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Angry Birds Evolution review - Has it evolved or is it more or the same?

For: iPad
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It's a bit of both

Product: Angry Birds Evolution | Publisher: Rovio Entertainment ltd. | Format: iPad | Players: 1 | Version: Europe
By now you know that Rovio games can be a little hit or miss. It all depends on the direction it's decided to take with its latest Angry Birds game. 

Angry Birds Evolution is no exception, but thankfully it's one of the better titles in the series and is surprisingly fun - a little like the original used to be. 

But even with its well balanced layout and design and addictive gameplay, it can't escape the free to play problems that always comes a'knocking eventually. 

Bird brain

Angry Birds Evolution is a slingshot tactical combat game that sees you equipping an army of rather perturbed birds and trying to defeat the green piggies that are swarming across your land. 

In order to drive the oinkers from Bird Island for good you need to enlist a team of well-battled birds, each member of which can be found in a different area of the map. 

To get to these areas you'll battle your way across various tiles and face different enemies - inevitably these scraps get more difficult as the game progresses. From each successful battle you'll reap coins, gems, and more. 

The core gameplay element in ABE is your ability to level up your bird team members - at a price. You can earn different birds the eggs enemies drop in battle or you can unlock them in the Hatchery.

Any doubles you end up with can either be sold off or you can merge them into one of your bird bodies like a feathery version of Cell from Dragon Ball Z

Aside from the bog-standard battles there are also arena matches to take part in. Here you go head-to-head against another player in asynchronous gameplay. The aim here is to keep the piggies out of your side of the court. 

You can also buddy up during certain battles by borrowing a feathered companion from another player, though I'm still not entirely sure what the point in this aspect is aside from promoting in-game friendship.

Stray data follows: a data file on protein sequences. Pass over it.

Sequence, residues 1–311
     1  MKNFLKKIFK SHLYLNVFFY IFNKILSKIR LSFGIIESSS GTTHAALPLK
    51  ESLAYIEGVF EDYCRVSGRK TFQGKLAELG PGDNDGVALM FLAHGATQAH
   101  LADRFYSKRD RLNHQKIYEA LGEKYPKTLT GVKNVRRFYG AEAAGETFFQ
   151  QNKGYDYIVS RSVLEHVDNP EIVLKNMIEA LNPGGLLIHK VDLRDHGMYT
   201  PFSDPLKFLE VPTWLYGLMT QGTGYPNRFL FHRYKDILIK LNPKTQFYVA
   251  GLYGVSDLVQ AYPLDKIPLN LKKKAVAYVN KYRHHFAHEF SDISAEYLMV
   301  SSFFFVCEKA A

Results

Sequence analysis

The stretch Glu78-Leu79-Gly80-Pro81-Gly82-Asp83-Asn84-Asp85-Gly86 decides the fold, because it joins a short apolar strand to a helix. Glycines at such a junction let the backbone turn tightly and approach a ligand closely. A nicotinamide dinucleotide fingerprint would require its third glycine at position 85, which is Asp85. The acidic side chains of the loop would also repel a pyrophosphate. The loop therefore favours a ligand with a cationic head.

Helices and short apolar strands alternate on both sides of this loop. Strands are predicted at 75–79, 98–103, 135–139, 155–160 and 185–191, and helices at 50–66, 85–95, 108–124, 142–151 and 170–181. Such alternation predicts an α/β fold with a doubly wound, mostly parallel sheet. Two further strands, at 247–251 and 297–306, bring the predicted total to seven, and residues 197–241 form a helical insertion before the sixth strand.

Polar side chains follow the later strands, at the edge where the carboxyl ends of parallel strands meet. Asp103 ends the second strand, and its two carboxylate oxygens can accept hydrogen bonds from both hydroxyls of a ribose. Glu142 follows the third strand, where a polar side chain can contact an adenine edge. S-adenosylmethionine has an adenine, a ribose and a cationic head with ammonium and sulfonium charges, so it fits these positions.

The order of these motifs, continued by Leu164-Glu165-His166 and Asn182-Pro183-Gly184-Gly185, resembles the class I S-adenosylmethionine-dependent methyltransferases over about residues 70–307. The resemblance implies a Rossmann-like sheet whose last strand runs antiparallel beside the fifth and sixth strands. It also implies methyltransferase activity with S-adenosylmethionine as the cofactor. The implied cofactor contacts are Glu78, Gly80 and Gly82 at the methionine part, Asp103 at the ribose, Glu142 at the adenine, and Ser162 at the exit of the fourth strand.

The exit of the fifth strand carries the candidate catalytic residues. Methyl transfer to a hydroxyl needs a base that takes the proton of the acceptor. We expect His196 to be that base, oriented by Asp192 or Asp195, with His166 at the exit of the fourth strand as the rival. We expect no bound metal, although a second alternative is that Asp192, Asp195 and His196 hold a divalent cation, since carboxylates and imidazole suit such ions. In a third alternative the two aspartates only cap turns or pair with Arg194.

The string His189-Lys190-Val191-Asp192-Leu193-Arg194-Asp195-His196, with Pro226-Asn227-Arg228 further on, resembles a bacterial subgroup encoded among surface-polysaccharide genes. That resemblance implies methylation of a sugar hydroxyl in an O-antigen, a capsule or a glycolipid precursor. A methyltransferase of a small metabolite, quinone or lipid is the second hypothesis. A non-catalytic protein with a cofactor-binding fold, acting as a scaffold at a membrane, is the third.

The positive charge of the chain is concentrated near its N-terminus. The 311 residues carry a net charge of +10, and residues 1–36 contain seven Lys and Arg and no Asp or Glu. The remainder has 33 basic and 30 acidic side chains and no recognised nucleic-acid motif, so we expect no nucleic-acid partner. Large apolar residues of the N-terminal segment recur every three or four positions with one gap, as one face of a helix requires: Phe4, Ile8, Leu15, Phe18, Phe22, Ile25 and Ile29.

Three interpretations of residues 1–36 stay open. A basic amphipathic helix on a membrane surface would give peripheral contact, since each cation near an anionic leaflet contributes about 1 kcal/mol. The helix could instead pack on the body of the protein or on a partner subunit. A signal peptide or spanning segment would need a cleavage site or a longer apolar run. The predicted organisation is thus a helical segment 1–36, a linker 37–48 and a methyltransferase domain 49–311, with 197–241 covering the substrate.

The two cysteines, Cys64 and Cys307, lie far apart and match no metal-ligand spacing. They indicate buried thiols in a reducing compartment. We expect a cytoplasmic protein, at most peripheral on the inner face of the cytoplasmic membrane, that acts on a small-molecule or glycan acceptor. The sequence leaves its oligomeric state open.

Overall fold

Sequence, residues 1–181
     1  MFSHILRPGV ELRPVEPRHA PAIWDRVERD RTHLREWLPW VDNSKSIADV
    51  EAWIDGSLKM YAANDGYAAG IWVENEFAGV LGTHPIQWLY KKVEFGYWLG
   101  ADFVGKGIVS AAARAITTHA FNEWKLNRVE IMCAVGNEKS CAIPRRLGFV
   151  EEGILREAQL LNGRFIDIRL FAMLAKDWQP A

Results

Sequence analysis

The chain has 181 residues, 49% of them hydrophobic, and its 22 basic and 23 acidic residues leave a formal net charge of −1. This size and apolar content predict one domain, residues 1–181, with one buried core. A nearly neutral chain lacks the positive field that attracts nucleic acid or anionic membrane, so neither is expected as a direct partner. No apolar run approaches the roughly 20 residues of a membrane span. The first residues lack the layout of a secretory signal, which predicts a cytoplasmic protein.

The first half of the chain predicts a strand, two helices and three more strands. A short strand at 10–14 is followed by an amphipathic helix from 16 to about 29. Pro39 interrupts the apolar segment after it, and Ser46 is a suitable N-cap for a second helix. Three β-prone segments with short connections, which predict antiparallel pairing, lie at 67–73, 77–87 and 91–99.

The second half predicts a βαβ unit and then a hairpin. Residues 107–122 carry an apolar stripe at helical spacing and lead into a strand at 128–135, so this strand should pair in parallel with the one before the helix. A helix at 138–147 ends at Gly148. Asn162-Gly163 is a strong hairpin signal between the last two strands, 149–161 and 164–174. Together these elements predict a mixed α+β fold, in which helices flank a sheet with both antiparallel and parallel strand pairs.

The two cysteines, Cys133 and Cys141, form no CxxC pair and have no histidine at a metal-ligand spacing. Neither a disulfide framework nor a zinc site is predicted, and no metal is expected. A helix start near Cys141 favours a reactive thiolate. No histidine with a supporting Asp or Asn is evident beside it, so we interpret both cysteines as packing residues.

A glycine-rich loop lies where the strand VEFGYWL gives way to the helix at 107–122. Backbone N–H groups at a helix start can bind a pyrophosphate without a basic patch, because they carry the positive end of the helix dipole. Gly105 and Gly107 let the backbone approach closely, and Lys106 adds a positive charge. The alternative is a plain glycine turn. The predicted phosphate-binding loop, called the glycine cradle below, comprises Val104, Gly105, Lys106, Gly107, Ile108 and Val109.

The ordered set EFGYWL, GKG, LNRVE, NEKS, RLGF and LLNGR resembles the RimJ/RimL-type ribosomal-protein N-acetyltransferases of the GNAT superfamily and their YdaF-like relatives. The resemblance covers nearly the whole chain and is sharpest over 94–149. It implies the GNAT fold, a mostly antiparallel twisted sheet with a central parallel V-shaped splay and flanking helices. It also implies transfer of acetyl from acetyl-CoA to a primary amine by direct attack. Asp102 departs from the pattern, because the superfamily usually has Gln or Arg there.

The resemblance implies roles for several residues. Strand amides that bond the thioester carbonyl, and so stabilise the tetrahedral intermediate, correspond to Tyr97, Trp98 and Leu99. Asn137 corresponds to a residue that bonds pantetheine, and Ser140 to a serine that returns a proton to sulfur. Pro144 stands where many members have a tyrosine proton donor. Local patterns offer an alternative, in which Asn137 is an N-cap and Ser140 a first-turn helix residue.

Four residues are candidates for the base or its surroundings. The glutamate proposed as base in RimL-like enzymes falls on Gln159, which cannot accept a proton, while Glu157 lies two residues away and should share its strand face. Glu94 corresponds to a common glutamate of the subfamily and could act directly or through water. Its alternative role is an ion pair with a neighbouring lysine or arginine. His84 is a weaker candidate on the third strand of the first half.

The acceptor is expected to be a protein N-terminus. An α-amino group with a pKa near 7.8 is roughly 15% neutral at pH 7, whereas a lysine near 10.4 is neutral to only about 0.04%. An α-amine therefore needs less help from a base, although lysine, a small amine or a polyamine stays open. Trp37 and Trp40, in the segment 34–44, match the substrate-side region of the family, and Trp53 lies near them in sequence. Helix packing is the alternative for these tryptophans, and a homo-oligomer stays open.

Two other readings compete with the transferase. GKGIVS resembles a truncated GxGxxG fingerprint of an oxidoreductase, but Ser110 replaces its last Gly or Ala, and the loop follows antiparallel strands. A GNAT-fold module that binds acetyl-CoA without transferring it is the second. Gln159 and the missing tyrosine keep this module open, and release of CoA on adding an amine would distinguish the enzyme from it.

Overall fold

As you continue in the game Scouting Missions unlock and you can use your Scout Team to investigate certain areas. These will usually spit out some kind of coinage/reward before offering up a couple of extra battles. 

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This is where things start falling into the old free to play rhythms, however. 

I dare say I was actually enjoying the game until my coinage ran out, my gems ran out, and my Scouts had run out for the fifth or sixth time.

Since you've only got three Scouts to work with, it takes just under an hour for a single Scout to become available again. So, three hours for the full set. 

Angry Birds Evolution manages to coax you in for the first few levels and makes you think you're doing pretty well. Then it become evident you need to upgrade your birds more and more.

Each upgrade costs 40 coins, so you need a ton of them to get anywhere, but you only gain coins through winning battles or spending cash.

Of course, you can't win them if you're not at a high enough level to do so, and you can only use Scout locations a few times a day or fork out more money to bring them about quicker. 

Flip the bird

Angry Birds Evolution is better than you think it's going to be. With a decent design, over 300 birds and enemies to unlock and collect, and a decent focus on community.

But when the grind kicks in, and you're stuck at a level that's not high enough to progress, some of that early shine starts to disappear.

It's a real shame as the gameplay itself is rather fun. Its slingshot mechanic works extremely well in an isometric view, and you feel very satisfied when you win battle after battle.

But, hitting blockade after blockade as you try to move unlock more of the game is likely to leave you with a slightly bitter taste in your mouth.
Angry Birds Evolution review - Has it evolved or is it more or the same?
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Emily Sowden | 15 June 2017
Angry Birds Evolution is a decent game at first before the usual free to play problems comes knocking
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